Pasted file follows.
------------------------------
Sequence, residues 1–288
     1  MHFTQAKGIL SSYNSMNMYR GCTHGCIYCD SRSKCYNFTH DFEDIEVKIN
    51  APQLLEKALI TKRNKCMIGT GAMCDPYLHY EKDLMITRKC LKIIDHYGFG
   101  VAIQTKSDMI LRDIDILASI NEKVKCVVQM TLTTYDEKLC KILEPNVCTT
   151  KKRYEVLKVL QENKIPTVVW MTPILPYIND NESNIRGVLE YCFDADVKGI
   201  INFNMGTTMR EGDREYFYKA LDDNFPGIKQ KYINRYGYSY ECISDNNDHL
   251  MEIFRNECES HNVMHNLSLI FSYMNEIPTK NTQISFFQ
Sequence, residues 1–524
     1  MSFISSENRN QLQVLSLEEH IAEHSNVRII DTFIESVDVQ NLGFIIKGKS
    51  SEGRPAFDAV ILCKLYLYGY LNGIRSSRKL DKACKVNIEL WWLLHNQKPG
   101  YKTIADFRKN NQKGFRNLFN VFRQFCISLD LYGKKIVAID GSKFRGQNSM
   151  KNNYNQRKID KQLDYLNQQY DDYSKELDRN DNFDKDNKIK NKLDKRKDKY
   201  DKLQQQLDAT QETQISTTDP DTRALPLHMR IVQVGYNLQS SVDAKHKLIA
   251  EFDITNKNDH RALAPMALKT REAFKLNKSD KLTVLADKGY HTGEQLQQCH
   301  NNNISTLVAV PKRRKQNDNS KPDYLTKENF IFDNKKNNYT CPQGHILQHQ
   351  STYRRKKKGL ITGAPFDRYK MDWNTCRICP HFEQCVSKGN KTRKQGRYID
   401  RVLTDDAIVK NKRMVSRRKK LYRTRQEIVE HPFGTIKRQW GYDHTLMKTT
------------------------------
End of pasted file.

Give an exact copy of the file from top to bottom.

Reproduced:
Sequence, residues 1–288
     1  MHFTQAKGIL SSYNSMNMYR GCTHGCIYCD SRSKCYNFTH DFEDIEVKIN
    51  APQLLEKALI TKRNKCMIGT GAMCDPYLHY EKDLMITRKC LKIIDHYGFG
   101  VAIQTKSDMI LRDIDILASI NEKVKCVVQM TLTTYDEKLC KILEPNVCTT
   151  KKRYEVLKVL QENKIPTVVW MTPILPYIND NESNIRGVLE YCFDADVKGI
   201  INFNMGTTMR EGDREYFYKA LDDNFPGIKQ KYINRYGYSY ECISDNNDHL
   251  MEIFRNECES HNVMHNLSLI FSYMNEIPTK NTQISFFQ
Sequence, residues 1–524
     1  MSFISSENRN QLQVLSLEEH IAEHSNVRII DTFIESVDVQ NLGFIIKGKS
    51  SEGRPAFDAV ILCKLYLYGY LNGIRSSRKL DKACKVNIEL WWLLHNQKPG
   101  YKTIADFRKN NQKGFRNLFN VFRQFCISLD LYGKKIVAID GSKFRGQNSM
   151  KNNYNQRKID KQLDYLNQQY DDYSKELDRN DNFDKDNKIK NKLDKRKDKY
   201  DKLQQQLDAT QETQISTTDP DTRALPLHMR IVQVGYNLQS SVDAKHKLIA
   251  EFDITNKNDH RALAPMALKT REAFKLNKSD KLTVLADKGY HTGEQLQQCH
   301  NNNISTLVAV PKRRKQNDNS KPDYLTKENF IFDNKKNNYT CPQGHILQHQ
   351  STYRRKKKGL ITGAPFDRYK MDWNTCRICP HFEQCVSKGN KTRKQGRYID
   401  RVLTDDAIVK NKRMVSRRKK LYRTRQEIVE HPFGTIKRQW GYDHTLMKTT